“Startups that are looking for investment don’t require funding only. They also need access to proven strategies that work in the particular market. This is one of the things we offered when we invested in companies such as Octomoves, Pulsetto, or Tyler,” explains Mikocionyte.

    Kilo Ventures want to set goals and celebrate success together – a close environment is key. “With Kilo Ventures, we think the key factor is to work closely as a team, use the strengths of your strategic partner, and celebrate success together,” adds Mikocionyte.

    New approaches to the investment process

    UiPath took ten years to reach its first million in annual recurring revenue. During this time, they raised only small funding rounds and continued to shape themselves for the evolving market. After the first million, it took five years to reach $600 million.

    This simple case study can be emulated for a new startup looking to make its break in the health and wellness industry. The pandemic has shown evident gaps in the healthcare system. Tapping into these requirements is the key to standing out within the market today.

    When it’s time to approach funding, consider long-term partnerships with a few trusted VCs. This makes it easier to be transparent about how processes work within the startup. Consider being mindful about how funds are used within the startup and request assistance only when required.

    Keep running tests to understand the evolving market. While the need for technology to facilitate accessibility and delivery was noted, consider experimenting with new technologies to improve consumer experience and overall outcomes. These strategies can help raise more funds to scale the startup further.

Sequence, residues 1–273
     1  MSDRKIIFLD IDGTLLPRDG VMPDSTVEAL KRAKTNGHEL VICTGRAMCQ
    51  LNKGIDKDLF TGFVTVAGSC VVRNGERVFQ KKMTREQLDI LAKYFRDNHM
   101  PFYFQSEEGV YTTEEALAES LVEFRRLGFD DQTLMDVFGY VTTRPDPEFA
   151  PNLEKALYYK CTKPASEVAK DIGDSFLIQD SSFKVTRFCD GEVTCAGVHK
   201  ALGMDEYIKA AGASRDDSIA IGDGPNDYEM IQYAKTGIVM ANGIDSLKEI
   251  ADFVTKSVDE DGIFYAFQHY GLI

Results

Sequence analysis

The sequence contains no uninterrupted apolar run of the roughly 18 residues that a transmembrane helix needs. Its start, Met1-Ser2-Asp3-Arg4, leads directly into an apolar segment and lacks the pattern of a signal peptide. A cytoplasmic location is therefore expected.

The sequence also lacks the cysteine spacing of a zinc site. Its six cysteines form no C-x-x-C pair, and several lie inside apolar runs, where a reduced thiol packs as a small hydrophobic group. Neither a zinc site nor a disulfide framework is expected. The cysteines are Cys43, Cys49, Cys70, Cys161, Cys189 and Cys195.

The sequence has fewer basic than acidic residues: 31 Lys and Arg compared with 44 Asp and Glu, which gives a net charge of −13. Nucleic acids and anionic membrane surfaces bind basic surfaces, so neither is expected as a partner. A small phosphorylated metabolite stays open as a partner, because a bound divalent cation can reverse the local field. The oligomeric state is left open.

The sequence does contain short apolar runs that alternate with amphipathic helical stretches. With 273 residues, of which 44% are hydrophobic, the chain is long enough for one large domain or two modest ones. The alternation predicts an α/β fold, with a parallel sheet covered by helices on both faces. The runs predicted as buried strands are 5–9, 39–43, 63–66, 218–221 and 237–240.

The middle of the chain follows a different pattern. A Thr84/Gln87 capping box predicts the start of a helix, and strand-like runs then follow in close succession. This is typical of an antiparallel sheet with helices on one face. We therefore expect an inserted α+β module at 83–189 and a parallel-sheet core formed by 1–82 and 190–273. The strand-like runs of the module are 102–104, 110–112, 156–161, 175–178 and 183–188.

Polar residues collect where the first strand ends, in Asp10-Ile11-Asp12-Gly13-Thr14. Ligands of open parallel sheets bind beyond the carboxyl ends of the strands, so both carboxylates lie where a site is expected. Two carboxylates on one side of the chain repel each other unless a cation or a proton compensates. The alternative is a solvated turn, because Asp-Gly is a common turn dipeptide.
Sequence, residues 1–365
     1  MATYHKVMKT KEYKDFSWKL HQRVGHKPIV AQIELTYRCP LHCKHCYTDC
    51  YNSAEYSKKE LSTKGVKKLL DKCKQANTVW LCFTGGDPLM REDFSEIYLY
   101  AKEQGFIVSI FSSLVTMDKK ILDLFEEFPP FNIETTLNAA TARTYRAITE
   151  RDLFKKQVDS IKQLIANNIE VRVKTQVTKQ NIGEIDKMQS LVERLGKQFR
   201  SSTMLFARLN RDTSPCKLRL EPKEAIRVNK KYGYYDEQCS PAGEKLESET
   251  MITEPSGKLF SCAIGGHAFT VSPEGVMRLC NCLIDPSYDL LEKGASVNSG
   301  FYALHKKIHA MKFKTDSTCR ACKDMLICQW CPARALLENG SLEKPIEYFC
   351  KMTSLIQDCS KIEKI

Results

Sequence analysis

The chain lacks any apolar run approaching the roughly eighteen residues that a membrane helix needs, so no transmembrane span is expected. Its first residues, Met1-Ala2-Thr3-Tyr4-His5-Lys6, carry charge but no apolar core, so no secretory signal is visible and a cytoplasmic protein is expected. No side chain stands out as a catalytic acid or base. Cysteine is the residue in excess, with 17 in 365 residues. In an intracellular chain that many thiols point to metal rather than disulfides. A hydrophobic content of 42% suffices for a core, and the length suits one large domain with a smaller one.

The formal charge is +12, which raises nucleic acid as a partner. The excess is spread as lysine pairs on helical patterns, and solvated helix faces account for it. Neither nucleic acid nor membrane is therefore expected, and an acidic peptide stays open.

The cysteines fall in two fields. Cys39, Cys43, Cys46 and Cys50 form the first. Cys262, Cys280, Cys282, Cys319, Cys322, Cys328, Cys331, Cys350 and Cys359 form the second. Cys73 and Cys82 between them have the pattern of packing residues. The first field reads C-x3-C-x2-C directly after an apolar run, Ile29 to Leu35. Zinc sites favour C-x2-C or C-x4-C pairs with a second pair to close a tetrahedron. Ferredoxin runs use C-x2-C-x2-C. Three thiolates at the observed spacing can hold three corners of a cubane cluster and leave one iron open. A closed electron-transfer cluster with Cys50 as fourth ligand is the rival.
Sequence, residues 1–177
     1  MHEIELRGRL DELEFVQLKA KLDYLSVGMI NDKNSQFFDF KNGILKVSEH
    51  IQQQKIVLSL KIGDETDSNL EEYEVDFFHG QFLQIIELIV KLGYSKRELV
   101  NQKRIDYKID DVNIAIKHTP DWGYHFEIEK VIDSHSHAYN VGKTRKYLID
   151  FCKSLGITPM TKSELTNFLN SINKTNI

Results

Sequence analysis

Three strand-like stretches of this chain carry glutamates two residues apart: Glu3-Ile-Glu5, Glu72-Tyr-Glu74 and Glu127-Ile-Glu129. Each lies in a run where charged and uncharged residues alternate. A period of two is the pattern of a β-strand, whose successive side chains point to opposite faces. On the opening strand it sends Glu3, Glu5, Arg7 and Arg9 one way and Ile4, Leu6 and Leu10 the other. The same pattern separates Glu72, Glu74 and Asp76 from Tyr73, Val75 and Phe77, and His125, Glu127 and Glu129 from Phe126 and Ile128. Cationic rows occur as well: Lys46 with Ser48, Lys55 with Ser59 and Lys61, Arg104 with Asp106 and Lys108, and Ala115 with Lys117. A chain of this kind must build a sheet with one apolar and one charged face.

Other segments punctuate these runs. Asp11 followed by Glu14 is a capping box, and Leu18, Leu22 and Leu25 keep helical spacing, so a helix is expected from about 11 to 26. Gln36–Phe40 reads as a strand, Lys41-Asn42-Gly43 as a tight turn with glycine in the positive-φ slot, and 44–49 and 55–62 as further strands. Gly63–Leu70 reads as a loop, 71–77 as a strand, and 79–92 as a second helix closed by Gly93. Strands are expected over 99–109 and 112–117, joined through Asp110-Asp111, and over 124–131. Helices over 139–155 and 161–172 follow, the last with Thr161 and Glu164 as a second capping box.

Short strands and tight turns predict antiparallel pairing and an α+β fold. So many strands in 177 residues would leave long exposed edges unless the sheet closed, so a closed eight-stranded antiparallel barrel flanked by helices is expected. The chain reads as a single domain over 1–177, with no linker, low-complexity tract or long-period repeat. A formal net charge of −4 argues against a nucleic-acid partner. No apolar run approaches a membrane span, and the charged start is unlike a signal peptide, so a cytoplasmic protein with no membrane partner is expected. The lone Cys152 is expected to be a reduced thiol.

Startup accelerators can play key roles for early-stage startups with limited knowledge of the markets. They allow for networking opportunities and help startups explore possible ways to improve their product and effectively pitch to secure funding.

    Kilo Health Ventures offers innovative support for health and wellness companies. Using the IEES model, digital health and wellness startups can receive in-house product research along with tactical marketing strategies assisting with long-term scaling. Mikocionyte states that Kilo Health hosts over 600+ experts, medical and nutrition teams, along with doctors to provide strategic insights into product development.

    Femtech’s market size is roughly $1 billion. However, it receives only 3% of the funding for its startups. FemTech Lab is a global accelerator program assisting startups building specifically for the women’s health and wellness market. Understanding the nuances of this market can be crucial, and such accelerators are best to cater to such needs.

    Creating an impact within the industry

    While seeking investment is the most painstaking task of any startup journey, it is often the most rewarding, too. Having funds facilitates the formation of actionable outcomes filling the gaps in consumer needs.

    The health and wellness industry impacts everyone at an individual level. And the pandemic showed how limitations could be catastrophic on a global scale. Something as simple as perfecting telehealth services could have improved healthcare accessibility drastically.

    In the journey to building and finally approaching investments, it is crucial to stick to the vision. Seek opportunities that sync with this vision. Good relationships built during this process only help foster the health and wellness ecosystem, favoring innovation that closes the gaps within the industry.


    Stuart O'Brien

    All stories by: Stuart O'Brien